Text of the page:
America’s Defense Department “is looking to build tools that can quickly detect deepfakes and other manipulated media amid the growing threat of ‘large-scale, automated disinformation attacks,'” reports Nextgov:
The Defense Advanced Research Projects Agency on Tuesday announced it would host a proposers day for an upcoming initiative focused on curbing the spread of malicious deepfakes, shockingly realistic but forged images, audio and videos generated by artificial intelligence. Under the Semantic Forensics program, or SemaFor, researchers aim to help computers use common sense and logical reasoning to detect manipulated media.
As global adversaries enhance their technological capabilities, deepfakes and other advanced disinformation tactics are becoming a top concern for the national security community… Industry has started developing tech that use statistical methods to determine if a video or image has been manipulated, but existing tools “are quickly becoming insufficient” as manipulation techniques continue to advance, according to DARPA. “Detection techniques that rely on statistical fingerprints can often be fooled with limited additional resources,” officials said in a post on FedBizOpps…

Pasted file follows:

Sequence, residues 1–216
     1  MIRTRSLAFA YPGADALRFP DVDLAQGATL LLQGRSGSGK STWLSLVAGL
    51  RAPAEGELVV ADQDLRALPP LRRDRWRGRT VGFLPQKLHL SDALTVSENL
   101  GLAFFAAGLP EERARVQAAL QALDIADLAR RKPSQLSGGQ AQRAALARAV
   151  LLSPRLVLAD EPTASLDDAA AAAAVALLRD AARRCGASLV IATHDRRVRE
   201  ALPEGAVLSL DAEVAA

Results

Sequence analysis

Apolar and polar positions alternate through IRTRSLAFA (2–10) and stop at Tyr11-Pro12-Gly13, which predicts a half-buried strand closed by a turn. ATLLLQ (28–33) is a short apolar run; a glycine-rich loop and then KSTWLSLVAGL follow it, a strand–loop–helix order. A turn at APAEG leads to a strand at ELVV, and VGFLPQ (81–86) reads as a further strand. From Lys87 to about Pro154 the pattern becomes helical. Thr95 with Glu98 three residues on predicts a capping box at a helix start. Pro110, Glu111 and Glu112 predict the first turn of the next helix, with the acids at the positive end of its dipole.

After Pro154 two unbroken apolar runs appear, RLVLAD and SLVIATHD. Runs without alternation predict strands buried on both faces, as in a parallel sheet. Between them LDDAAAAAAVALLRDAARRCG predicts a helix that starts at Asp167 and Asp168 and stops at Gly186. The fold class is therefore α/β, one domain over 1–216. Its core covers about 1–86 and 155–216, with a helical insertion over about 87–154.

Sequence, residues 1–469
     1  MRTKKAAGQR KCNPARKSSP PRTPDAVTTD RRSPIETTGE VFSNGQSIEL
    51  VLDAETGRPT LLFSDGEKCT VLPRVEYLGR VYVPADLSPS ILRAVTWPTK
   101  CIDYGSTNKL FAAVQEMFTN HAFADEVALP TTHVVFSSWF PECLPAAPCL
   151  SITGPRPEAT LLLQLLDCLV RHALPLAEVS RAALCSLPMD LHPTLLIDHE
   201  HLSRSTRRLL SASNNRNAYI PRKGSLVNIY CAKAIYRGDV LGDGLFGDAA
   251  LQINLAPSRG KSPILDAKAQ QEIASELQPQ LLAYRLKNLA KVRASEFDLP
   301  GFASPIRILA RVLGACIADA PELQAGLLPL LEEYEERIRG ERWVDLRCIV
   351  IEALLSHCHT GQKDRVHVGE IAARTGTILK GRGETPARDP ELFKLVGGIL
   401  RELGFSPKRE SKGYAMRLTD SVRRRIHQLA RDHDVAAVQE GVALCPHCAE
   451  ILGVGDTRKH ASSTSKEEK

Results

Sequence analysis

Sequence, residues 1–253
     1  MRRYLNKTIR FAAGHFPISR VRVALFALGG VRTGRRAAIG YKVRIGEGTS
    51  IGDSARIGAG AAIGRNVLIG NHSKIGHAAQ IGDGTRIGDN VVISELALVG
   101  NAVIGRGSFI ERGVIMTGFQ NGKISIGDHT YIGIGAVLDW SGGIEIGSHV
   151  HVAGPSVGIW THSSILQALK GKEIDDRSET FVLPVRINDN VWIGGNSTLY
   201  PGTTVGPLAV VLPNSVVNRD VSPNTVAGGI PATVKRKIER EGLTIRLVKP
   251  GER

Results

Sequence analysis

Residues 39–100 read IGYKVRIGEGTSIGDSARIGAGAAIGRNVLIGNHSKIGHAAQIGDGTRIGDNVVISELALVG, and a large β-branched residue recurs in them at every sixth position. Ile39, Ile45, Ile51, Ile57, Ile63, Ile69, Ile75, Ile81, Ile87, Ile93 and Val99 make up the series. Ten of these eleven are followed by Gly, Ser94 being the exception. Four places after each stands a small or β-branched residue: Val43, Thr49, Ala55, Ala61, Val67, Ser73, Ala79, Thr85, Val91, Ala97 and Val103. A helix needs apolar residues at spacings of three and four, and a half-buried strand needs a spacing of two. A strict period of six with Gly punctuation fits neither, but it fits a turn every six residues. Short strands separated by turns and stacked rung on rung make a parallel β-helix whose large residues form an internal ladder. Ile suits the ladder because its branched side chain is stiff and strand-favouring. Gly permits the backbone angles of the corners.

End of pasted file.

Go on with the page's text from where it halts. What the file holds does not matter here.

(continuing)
Beyond simply detecting errors, officials also want the tools to attribute the media to different groups and determine whether the content was manipulated for nefarious purposes. Using that information, the tech would flag posts for human review. “A comprehensive suite of semantic inconsistency detectors would dramatically increase the burden on media falsifiers, requiring the creators of falsified media to get every semantic detail correct, while defenders only need to find one, or a very few, inconsistencies,” DARPA officials said.
But that’s easier said than done. Today, even the most advanced machine intelligence platforms have a tough time understanding the world beyond their training data.